Day and night, seven days a week, tow trucks prowl the city's streets, searching for people who break the rules.
Most of the towing signs posted across Columbus state that the fine for parking in the wrong spot should be $102, yet 10 Investigates' Paul Aker found some companies charging much more.
10 Investigates wanted to know the rules that tow truck companies have to follow. We researched the law and then shadowed the drivers to see if they were following it.
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We looked up the Ohio law that is posted on most tow truck companies' own signs. According to law, tow truck drivers can charge no more than $90 for the tow and $12 a day for storage, totaling $102.
"It bothers me," Miller said. "I'm in college. Its money I don't have."
Sierra Miller saw how the real costs often run higher than what the law states. Her receipt showed that Shamrock Towing charged her with the $90 tow fee and $12 for storage. Shamrock also charged for taxes and an additional $30 fee. The company called it an administrative fee.
When Aker confronted Shamrock about the fee, a company co-owner told him that the Ohio attorney general gave him the OK to charge more. Shamrock claimed the attorney general told him the law is "open" on the subject.
The attorney general's office denied issuing any formal opinion or authorizing tow companies to charge more than the law allows.
Shamrock also told Aker that it needs to charge the extra fee to keep up with the cost of business. CamCar Towing gave him a different explanation.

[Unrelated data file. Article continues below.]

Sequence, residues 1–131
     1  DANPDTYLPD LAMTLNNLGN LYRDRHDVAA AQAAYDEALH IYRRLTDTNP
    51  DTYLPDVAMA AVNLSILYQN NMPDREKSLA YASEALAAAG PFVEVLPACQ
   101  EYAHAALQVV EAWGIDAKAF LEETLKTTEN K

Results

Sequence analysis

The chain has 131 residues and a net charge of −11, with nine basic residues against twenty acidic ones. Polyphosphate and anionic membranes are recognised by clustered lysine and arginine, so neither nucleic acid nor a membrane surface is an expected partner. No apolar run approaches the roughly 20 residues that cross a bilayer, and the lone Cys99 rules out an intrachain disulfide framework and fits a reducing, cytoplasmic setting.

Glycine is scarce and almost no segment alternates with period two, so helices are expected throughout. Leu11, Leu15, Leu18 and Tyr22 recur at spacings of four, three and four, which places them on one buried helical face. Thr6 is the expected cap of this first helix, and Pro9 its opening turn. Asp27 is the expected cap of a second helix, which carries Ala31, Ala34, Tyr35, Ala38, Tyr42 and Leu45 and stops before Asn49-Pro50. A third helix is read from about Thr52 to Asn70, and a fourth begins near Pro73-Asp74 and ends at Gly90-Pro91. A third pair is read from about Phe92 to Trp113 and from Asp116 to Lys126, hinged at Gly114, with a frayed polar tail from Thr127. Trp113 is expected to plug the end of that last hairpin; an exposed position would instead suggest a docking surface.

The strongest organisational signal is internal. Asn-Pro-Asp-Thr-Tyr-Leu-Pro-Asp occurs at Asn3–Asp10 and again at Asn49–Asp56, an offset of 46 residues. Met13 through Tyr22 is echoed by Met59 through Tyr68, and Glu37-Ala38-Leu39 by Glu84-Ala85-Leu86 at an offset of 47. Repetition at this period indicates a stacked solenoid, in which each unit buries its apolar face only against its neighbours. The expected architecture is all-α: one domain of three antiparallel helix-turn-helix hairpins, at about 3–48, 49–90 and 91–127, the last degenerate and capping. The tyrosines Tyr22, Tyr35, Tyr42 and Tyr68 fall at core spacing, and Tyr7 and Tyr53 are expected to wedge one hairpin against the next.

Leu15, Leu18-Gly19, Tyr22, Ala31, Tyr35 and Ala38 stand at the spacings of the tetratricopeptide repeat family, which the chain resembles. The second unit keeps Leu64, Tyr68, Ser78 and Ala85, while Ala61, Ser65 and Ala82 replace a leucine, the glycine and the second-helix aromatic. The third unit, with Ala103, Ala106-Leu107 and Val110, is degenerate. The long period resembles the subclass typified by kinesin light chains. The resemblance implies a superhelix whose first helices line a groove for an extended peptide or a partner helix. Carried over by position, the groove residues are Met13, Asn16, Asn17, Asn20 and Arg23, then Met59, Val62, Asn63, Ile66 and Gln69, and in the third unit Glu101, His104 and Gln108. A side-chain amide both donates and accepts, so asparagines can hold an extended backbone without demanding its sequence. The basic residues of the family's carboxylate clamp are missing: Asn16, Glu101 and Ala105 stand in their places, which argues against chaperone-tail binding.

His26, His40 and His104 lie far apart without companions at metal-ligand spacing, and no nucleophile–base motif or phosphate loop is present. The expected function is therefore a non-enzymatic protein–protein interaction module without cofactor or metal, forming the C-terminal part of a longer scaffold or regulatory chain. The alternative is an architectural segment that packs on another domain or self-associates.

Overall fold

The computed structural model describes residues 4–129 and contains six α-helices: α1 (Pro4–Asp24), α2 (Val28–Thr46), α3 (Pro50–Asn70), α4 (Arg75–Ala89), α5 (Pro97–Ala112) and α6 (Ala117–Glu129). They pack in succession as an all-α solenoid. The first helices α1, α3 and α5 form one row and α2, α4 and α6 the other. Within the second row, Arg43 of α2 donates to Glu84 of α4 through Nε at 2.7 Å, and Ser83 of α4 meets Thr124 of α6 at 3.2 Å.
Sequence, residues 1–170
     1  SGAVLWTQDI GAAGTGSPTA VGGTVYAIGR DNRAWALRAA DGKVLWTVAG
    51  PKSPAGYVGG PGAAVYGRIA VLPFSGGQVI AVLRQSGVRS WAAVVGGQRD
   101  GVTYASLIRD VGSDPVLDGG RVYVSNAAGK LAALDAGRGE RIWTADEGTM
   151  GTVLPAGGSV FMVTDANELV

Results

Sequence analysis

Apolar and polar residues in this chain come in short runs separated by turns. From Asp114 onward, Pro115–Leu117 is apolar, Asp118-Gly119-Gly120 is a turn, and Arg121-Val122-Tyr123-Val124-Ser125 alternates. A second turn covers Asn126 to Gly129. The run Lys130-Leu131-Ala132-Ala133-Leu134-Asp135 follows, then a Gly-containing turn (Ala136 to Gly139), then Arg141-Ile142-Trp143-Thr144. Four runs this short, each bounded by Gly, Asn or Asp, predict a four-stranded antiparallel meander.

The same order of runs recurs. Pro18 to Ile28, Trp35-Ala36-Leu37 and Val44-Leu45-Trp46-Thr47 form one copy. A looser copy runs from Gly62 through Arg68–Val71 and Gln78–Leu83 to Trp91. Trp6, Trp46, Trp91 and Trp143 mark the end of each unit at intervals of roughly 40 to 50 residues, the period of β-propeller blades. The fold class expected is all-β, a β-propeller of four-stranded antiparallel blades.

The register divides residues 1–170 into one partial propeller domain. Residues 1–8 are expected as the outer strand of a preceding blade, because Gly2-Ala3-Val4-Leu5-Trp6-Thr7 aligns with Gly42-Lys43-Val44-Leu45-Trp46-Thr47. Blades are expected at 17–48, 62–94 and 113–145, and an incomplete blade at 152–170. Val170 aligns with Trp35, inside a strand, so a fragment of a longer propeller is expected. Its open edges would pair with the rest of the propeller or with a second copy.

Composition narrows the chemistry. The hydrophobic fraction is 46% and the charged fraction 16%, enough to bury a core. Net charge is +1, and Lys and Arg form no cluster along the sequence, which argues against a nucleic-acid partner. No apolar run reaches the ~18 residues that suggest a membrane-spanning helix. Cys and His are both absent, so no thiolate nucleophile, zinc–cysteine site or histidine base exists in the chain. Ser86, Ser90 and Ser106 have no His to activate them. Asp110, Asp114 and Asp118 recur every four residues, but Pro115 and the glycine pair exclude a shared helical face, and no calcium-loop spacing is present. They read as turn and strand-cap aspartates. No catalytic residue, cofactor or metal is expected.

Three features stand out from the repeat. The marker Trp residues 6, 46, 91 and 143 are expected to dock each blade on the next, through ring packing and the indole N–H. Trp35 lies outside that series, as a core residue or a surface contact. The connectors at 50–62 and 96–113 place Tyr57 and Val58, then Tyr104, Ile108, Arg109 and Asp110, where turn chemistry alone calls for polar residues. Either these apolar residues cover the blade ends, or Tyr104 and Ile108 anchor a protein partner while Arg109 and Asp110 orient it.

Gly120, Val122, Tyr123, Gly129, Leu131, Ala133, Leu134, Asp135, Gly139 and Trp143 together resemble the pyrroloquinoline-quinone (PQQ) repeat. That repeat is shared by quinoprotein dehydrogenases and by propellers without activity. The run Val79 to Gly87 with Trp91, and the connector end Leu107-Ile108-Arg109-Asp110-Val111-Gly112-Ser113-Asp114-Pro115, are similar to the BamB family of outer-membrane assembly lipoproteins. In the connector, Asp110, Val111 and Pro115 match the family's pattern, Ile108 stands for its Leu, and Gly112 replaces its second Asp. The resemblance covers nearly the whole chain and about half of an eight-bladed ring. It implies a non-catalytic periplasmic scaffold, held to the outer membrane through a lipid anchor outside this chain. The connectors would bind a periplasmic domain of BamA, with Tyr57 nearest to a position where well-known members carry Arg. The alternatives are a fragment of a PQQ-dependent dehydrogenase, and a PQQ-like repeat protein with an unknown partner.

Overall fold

CamCar towed Corey Rapseo's car right under its posted sign that said that the tow charge comes to $90 as the law states. When he caught the tow truck driver about 100 yards away, CamCar quoted a higher price.
"They say if you want (the car back), it will be $134," the tow truck driver told Rapseo.
Without the cash on hand, Rapseo had to let the driver take his car. Once he picked it up about an hour later, CamCar charged him $125 for the tow, $18 for storage, $5 for paying with a credit card plus tax, totaling $157.65.
"They ripped me off," Rapseo said.
Aker took Rapseo back to CamCar's office to see if there would be a refund.
The company claimed that it did not rip off Rapseo and said its price is right because of a city law. But the Columbus City Attorney confirmed that the Ohio Legislature invalidated the ordinance in 2003 and now there is no enforceable city law.
"I think it's embarrassing for our state, embarrassing for our city," said Ohio State Rep. Tracy Heard, a Democrat.
Heard said that she has been trying to push through a law that would crack down on tow truck companies. She said that our investigation proves lawmakers need to get handle on the problem.
"There is an opportunity for punishment and that's what we're trying to increase here and for there to be some punitive punishment for those renegade towers," Heard said.
Until someone makes a change, some tow truck companies will likely keep charging more than the law allows, Aker reported.
10 Investigates checked with the two state agencies that seem like they might have authority in tow truck enforcement but both said that they don't have jurisdiction.
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